Magazine writer Gene Weingarten wrote an incredible narrative based on his experiment of putting world-renowned violinist Joshua Bell in street clothes inside the Metro station at L'Enfant Plaza. The experiment was to discover if daily commuters would know the difference between a street musician and a world-class musician.
A truly inspiring multimedia piece (with video, print and audio), it is an amazing reporting effort that is elevated further by Weingarten's masterful writing on why beauty and art matter in this world. It's a long piece, but well worth the read, the watching and the listening.
And such a worthy experiment! So many places to excerpt, but you really have to read and listen yourself. Here's something I found very interesting:
The poet Billy Collins once laughingly observed that all babies are born with a knowledge of poetry, because the lub-dub of the mother's heart is in iambic meter. Then, Collins said, life slowly starts to choke the poetry out of us. It may be true with music, too.This great sociological experiment even had Joshua Bell perplexed:
There was no ethnic or demographic pattern to distinguish the people who stayed to watch Bell, or the ones who gave money, from that vast majority who hurried on past, unheeding. Whites, blacks and Asians, young and old, men and women, were represented in all three groups. But the behavior of one demographic remained absolutely consistent. Every single time a child walked past, he or she tried to stop and watch. And every single time, a parent scooted the kid away.
(Bold is mine.)
I came to this article by way of AJR writer Charles Layton who wrote that Weingarten admits the story worked better online than in the print magazine. But what pushed me to read the link was Layton's lead:
BELL ENDS "AVE MARIA" TO ANOTHER THUNDEROUS SILENCE, plays Manuel Ponce's sentimental "Estrellita," then a piece by Jules Massenet, and then begins a Bach gavotte, a joyful, frolicsome, lyrical dance. It's got an Old World delicacy to it; you can imagine it entertaining bewigged dancers at a Versailles ball, or -- in a lute, fiddle and fife version -- the boot-kicking peasants of a Pieter Bruegel painting.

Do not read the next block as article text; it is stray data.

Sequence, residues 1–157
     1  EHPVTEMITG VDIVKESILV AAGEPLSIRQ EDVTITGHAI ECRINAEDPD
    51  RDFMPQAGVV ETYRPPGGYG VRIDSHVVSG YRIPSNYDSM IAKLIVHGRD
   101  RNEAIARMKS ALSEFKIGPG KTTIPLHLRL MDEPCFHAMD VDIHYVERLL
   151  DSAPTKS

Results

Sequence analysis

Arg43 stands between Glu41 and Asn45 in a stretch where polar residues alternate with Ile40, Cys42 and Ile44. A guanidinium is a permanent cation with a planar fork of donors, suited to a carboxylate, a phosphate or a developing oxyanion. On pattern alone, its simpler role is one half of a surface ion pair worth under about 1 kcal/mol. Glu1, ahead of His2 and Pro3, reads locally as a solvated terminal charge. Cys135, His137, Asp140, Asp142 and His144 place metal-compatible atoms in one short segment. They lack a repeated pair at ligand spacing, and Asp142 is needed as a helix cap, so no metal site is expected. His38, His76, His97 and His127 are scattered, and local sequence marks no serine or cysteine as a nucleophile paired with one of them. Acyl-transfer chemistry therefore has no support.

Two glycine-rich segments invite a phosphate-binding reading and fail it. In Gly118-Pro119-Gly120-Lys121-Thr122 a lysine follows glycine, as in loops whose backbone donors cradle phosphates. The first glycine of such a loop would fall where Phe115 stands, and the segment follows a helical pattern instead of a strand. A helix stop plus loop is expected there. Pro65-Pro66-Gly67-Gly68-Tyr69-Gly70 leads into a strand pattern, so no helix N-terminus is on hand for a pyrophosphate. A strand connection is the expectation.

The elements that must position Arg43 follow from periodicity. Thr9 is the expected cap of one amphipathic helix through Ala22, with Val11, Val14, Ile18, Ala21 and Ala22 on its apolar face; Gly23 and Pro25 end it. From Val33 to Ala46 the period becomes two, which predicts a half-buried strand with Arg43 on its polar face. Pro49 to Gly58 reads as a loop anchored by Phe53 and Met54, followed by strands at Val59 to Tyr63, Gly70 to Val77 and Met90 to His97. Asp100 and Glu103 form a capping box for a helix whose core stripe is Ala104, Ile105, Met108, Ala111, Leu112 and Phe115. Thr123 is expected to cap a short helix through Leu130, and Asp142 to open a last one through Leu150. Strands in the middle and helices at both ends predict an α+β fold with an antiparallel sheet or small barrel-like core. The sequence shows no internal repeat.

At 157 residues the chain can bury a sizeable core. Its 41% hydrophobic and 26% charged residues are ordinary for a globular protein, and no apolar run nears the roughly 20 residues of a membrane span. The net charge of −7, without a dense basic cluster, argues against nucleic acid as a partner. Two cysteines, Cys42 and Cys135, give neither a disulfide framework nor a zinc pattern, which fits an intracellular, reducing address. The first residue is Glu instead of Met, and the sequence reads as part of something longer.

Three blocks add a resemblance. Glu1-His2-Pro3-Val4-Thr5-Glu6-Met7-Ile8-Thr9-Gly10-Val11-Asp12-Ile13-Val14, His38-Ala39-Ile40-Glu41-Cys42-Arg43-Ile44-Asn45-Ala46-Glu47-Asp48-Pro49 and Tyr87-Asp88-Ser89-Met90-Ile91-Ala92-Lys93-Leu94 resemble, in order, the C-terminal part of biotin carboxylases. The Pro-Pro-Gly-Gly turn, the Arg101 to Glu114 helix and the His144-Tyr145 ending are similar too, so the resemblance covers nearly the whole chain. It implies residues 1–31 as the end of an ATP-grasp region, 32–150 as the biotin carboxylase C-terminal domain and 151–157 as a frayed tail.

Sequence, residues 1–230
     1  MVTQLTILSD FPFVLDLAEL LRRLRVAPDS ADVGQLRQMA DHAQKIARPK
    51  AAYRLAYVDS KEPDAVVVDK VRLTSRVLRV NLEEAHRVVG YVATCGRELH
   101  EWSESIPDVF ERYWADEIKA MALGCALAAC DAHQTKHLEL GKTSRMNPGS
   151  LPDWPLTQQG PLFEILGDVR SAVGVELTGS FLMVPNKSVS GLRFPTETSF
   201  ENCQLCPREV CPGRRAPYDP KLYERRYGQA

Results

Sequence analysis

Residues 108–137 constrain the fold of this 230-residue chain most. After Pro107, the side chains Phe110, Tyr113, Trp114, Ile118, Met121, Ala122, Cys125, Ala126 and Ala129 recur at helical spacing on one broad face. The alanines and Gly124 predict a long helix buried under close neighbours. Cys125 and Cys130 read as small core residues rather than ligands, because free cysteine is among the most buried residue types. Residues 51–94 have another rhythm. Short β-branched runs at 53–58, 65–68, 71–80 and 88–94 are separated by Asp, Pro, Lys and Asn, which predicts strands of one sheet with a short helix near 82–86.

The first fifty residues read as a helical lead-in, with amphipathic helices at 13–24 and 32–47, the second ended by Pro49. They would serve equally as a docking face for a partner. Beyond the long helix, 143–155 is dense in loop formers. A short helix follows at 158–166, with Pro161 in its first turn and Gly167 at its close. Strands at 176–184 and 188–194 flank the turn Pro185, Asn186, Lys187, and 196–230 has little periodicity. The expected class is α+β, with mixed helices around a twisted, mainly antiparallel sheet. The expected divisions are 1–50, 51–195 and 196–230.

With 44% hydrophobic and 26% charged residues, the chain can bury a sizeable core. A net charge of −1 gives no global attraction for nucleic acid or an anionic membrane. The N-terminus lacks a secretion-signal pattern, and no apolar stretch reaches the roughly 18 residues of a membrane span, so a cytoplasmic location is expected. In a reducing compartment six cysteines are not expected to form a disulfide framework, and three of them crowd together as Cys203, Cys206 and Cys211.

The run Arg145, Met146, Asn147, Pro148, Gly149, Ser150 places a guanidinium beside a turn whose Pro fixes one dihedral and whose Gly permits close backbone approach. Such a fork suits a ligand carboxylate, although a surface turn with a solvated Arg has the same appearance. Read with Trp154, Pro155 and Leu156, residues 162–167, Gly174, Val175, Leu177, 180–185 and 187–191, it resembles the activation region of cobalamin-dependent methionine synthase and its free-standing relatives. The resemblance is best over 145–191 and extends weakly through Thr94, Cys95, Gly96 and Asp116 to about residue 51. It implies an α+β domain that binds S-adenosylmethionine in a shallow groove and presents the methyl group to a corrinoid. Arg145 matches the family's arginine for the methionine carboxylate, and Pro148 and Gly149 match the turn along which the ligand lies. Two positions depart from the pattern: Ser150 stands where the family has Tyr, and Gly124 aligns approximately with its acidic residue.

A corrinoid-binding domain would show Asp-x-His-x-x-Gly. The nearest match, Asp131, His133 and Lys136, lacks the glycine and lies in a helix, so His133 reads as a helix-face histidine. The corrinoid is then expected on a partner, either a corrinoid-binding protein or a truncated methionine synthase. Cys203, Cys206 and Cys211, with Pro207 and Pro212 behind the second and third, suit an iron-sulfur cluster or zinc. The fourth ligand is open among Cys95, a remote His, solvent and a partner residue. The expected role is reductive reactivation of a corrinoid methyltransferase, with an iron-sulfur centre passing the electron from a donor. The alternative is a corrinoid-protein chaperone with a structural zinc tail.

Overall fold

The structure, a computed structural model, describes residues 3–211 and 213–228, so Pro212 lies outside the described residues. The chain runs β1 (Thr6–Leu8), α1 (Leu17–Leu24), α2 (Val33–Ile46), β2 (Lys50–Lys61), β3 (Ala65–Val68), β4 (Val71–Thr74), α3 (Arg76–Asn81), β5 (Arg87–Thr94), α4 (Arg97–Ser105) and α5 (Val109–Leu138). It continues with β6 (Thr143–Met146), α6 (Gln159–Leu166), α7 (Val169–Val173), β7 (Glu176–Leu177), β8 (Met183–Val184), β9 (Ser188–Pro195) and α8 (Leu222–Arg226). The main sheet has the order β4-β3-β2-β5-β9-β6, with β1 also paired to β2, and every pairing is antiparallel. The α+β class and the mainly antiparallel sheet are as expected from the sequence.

Watching the video weeks later, Bell finds himself mystified by one thing only. He understands why he's not drawing a crowd, in the rush of a morning workday. But: "I'm surprised at the number of people who don't pay attention at all, as if I'm invisible. Because, you know what? I'm makin' a lot of noise!"
He is. You don't need to know music at all to appreciate the simple fact that there's a guy there, playing a violin that's throwing out a whole bucket of sound; at times, Bell's bowing is so intricate that you seem to be hearing two instruments playing in harmony. So those head-forward, quick-stepping passersby are a remarkable phenomenon.
Bell wonders whether their inattention may be deliberate: If you don't take visible note of the musician, you don't have to feel guilty about not forking over money; you're not complicit in a rip-off.
It may be true, but no one gave that explanation. People just said they were busy, had other things on their mind. Some who were on cellphones spoke louder as they passed Bell, to compete with that infernal racket.
If you want to see a lovely, soul-satisfying piece of journalism, one that might suggest near-future possibilities for newspapers in the age of the Internet, fire up your browser and go here.Again I say, "Wow!"